Googles newest gadget has gone skydiving, been to the Arc de Triomphe in Paris, sat over the eyes of an artist doing a drawing and joined one naked tech enthusiast in the shower. Doctors at a Connecticut hospital are testing it, a Vegas strip club banned it and I brought it to Guantánamo.
Its Google Glass, a computer with a camera that you wear like eyeglasses a once unimaginable technological tool. It lets you glance up and see a news bulletin on its tiny screen or dictate an email. Ask it a question, out loud, and youll hear an answer in your ear.
And because its so new, on the heads of just 8,000 so-called Explorers, its seen as the ultimate status symbol in certain techie circles, drawing curious stares and the occasional giddy giggle of recognition.
A geek grew wide-eyed at the Apple Stores Genius Bar on Lincoln Road and asked to see it. A waitress dashed over when I wore it to dinner at the Khong River House restaurant. As she leaned in for a look, I told it to snap her picture. OK, Glass: Take a picture.
And it did.
The device is in its infancy, finicky and expensive.
A few examples:
• The first time I dictated a post that mentioned Gitmo, the militarys nickname for Guantánamo, it wrote Got Milk.
• It runs on Wi-Fi but not all kinds, notably not on two-step logons like we have at the Miami Herald.
• I paid $1,633.12 including tax for one of the 8,000 Beta versions, plus the cost of getting to a Google Glass studio in New York City to pick it up and get it started.
Thats a long way to go to snap my first selfie.
Thanks to todays chic, oversized sunglasses, Glass can mostly go undetected. One night, a parade of people and their pets paid me no notice, just weaved around and past, as I practiced making video clips at the iconic Havana Cafe, standing cross-armed in the middle of Lincoln Road to steady my eye-camera head.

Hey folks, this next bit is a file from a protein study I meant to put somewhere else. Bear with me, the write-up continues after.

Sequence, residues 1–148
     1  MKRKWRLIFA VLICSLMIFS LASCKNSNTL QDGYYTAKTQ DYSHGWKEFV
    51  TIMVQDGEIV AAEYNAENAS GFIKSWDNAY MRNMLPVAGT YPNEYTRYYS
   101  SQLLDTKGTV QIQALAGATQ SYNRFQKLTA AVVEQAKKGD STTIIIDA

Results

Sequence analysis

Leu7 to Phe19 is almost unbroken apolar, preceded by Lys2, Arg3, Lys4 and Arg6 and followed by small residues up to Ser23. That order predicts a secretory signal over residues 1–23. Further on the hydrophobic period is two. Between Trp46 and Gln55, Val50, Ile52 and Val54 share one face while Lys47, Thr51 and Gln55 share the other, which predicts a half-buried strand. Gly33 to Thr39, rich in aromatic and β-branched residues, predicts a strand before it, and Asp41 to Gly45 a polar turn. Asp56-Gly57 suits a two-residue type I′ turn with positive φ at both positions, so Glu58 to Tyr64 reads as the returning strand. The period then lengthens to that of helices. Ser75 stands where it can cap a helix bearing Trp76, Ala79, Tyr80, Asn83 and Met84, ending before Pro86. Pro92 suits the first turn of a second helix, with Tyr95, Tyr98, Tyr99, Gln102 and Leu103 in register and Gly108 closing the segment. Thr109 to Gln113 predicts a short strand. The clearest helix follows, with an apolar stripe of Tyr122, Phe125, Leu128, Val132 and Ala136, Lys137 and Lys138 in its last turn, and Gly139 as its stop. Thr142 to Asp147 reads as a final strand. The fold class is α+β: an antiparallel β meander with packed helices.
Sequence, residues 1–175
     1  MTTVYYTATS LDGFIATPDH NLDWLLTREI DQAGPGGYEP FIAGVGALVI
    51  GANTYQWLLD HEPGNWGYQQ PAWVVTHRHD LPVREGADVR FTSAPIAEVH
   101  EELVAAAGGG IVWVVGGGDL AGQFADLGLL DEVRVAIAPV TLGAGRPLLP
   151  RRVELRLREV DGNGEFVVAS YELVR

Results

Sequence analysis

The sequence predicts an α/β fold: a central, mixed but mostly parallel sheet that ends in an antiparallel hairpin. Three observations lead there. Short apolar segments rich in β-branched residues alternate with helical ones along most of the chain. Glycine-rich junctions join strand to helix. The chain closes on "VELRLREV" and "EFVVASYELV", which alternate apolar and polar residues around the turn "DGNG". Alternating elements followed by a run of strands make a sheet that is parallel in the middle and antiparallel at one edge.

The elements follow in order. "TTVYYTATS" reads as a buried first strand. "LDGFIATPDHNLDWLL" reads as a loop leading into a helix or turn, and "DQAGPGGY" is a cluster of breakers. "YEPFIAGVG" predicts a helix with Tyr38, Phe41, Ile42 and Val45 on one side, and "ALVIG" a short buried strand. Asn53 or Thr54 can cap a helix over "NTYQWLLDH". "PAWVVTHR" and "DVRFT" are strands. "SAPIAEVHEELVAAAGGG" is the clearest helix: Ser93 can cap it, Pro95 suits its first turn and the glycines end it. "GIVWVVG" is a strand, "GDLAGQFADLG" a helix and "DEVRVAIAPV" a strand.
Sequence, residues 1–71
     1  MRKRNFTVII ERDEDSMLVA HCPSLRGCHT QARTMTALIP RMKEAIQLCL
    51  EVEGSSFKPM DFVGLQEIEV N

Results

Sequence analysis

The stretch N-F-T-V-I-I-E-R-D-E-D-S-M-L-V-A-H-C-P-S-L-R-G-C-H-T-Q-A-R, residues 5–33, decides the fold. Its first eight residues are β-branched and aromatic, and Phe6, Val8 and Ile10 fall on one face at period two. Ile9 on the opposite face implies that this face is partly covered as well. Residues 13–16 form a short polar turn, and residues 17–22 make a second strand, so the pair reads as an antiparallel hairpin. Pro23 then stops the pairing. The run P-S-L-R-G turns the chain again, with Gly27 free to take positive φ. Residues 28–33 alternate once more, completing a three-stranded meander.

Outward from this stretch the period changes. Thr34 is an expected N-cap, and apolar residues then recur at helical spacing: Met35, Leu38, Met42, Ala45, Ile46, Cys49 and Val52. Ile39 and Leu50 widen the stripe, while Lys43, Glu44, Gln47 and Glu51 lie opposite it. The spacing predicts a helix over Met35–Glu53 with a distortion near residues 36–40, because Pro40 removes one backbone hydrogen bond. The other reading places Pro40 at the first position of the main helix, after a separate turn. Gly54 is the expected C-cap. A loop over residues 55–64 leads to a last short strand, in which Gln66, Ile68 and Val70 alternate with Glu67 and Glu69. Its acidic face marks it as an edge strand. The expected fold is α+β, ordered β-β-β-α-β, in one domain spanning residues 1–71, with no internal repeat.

Just about the only place where I was thwarted in using it was while reporting at the U.S. Navy base at Guantánamo Bay, Cuba in part because of the bases backwater communications, and in part because it is a U.S. military censorship zone. More on that later.
Google Glass is a combination computer and camera packed in a frame that looks like eyeglasses. Its name is singular Glass because its display is a sugar-cube-sized chunk of glass that perches above the users right eye.
When I wear the frames and look straight ahead, I see normally. When I glance up and to the right, I see a floating video monitor.
Technologically, its both clever and hard to fathom. Its a camera. Its a computer. It can tether to your cellphone and make calls. It responds to voice and finger-swipe commands.
It lets you search the Web (using Google, of course), stream a YouTube video, dictate and send emails to up to 10 pre-programmed contacts, and take really decent photos and post them on the Internet using the makers designer site Google+. It reads aloud news items on command.
It also lets you make videos and live video-casts that are as steady as you can hold your head.
Its like a real-life version of the imaginary helmet cameras worn by cinematic U.S. Marines in the 1986 sci-fi movie Aliens.